I’ve just read an article on the BBC News website about the currently most effective drug for RRMS in which it states that it works by resetting the immune system so that it forgets to target myelin. Obviously, this is at the cost of compromising immunity, at least for a period. I just wondered how much of a risk this itself presents and do users have to take special precautions because of weakened immunity?; does this coincide with each dose? and so on. Anybody able to comment?

News article about it on this very site:

I must say, I don’t much like the idea of thyroid cancer as a “treatable side-effect”.

Irrelevant unless or until it’s available on the NHS anyway, which I expect won’t be any time soon.


Just read it on bbc webpage - maybe, just maybe, it will help some folk but the cost / side effects etc are going to maybe hold it back…pharmecutical companies should be lined up against a wall and shot… Just maybe someday we will get there with a cure…deeply fustrating this MS…but keep our chins up and go for more natural remedies to help our inner well being going…

The name that most people know it by is Campath. It’s been in development for donkey’s years (20+?) and gets some brilliant results. But we all know that, when it comes to meds, the ones that get the great results tend to be the ones with the biggest potential side effects.

As a very wise person once said to me: it all comes down to how much we fear the certainty of our MS versus the possibility of side effects. For someone with severe MS, it’s probably a no brainer.

Karen x

I am looking forward to the day when a great new drug is announced in the press to treat progressive MS (apart from LDN). it can’t be all that long before they find something - please! Teresa xx

Why do these drugs have to have such silly bloody names?

I vote that we call this one ‘Terry’.

Yes what were they thinking of? Must have used the same consultancy that came up with the london Olympic Logo! I had to keep looking back to the article because I just couldnt remember how to spell it, let alone say it.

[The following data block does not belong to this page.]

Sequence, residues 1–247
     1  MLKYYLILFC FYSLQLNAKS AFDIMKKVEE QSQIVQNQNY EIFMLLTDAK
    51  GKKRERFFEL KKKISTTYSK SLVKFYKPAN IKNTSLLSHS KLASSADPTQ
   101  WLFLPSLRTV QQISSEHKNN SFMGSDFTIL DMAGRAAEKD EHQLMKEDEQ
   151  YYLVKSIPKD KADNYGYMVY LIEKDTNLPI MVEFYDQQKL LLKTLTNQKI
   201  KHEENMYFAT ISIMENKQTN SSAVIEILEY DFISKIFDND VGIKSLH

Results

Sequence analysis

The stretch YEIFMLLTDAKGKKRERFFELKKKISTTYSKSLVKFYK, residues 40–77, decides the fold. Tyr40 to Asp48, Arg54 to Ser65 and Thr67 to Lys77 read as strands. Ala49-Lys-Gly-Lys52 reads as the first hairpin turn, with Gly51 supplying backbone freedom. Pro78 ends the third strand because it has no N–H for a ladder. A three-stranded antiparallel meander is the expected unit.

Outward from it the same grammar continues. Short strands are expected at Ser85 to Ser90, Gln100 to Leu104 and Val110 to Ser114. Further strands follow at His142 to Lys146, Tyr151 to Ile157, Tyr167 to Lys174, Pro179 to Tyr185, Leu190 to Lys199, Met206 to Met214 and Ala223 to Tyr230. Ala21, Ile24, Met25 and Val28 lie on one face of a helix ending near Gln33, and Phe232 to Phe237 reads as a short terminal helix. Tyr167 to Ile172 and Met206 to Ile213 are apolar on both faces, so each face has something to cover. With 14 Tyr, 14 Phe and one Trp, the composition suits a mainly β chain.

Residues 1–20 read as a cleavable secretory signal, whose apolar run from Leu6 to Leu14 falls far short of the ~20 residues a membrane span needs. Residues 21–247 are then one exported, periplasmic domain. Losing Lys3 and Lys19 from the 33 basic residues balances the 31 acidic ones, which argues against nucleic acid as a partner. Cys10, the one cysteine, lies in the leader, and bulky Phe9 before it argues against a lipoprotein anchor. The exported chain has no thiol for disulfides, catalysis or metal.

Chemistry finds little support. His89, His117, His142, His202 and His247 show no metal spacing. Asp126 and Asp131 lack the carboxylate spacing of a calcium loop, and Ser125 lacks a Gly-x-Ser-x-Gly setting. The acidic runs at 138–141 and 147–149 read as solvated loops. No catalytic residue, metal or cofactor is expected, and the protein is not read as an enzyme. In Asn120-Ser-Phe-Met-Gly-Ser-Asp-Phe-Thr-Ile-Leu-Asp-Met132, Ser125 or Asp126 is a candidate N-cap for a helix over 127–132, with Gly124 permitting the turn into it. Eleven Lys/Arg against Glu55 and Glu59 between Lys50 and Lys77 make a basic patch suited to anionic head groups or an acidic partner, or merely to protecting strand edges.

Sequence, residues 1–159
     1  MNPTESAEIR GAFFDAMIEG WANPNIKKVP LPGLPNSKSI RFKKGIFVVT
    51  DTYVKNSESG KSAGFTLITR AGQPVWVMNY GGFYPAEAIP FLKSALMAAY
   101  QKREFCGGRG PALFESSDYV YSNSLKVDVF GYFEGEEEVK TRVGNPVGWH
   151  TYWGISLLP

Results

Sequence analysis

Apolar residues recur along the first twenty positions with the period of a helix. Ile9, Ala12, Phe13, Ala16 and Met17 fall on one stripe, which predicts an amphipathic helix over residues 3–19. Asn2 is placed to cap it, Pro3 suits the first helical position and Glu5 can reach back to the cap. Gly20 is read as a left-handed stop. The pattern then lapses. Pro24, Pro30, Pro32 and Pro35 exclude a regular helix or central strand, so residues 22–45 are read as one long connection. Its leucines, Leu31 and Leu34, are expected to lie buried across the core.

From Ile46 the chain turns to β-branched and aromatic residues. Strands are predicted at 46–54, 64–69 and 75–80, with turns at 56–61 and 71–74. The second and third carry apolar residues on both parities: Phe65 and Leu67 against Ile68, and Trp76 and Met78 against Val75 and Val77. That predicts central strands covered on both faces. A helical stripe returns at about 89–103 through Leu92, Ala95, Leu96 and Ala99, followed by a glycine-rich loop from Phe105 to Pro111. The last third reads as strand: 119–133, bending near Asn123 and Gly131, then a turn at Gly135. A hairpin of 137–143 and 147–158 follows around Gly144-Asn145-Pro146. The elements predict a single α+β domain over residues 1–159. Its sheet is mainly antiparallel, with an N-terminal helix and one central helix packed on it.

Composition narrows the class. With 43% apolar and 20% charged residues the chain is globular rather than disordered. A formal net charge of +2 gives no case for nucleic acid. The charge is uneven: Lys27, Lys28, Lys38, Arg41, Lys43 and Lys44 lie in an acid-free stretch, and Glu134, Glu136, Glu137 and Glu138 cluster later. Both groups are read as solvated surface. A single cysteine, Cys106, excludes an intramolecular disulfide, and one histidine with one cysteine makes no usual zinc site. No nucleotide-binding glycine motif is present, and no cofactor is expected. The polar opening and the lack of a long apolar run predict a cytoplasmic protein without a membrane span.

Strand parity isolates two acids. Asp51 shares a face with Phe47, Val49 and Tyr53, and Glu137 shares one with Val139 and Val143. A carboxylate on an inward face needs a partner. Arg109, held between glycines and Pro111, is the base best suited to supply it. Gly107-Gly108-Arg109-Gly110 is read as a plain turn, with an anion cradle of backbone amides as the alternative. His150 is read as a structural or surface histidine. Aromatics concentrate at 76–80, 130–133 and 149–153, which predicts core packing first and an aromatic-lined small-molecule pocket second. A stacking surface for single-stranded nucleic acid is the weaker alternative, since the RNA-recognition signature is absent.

I have long thought that Campath is the best available treatment for RRMS, particularly the newly diagnosed. Professor Alastair Compston gave an excellent presentation a few years ago and some of the trial results look very good indeed. From memory, there was a 25% chance of picking up something else (like Graves disease), but they have effective treatments, unlike MS.

I think the reply from rizzo sums up the side effect issue rather well.

I applied to go on the trial 10 years ago. I didn’t qualify as I was already on Rebif44.

If I was offered Campath (alemtuzumab), I’d take it. Just imagine, being able to make plans, knowing that your RRMS was going to stop?

I’ve encountered a couple of people who’ve had great experiences with this drug. So yes, I want it, stupid name and all.


Presume you mean this article

I think I’ll stick to my Snake Venom that just like LDN regulates the Immune Structure (anecdotal).


my neuro told me that it was being aimed at younger people with recent diagnosis of rrms.

carole x

Alemtuzumab is its clinical name. It used to be called Campath, and will be called Lemtrada as its trade name. Tysabri’s clinical name is nataluzimab.

In the three months post infusion you have to be careful about what you eat- no blue cheese, shellfish, rare meat etc. as your immune system is low. You are also more prone to upper respiratory infections. So you have to be careful about hand washing, but my son went to work everyday on the tube with no more than the odd cough or cold during that time.

Many neurologists believe that early aggressive treatment willgive the best outcome in the long run with RRMS, but its very much personal choice- and what NICE and your local PCT will allow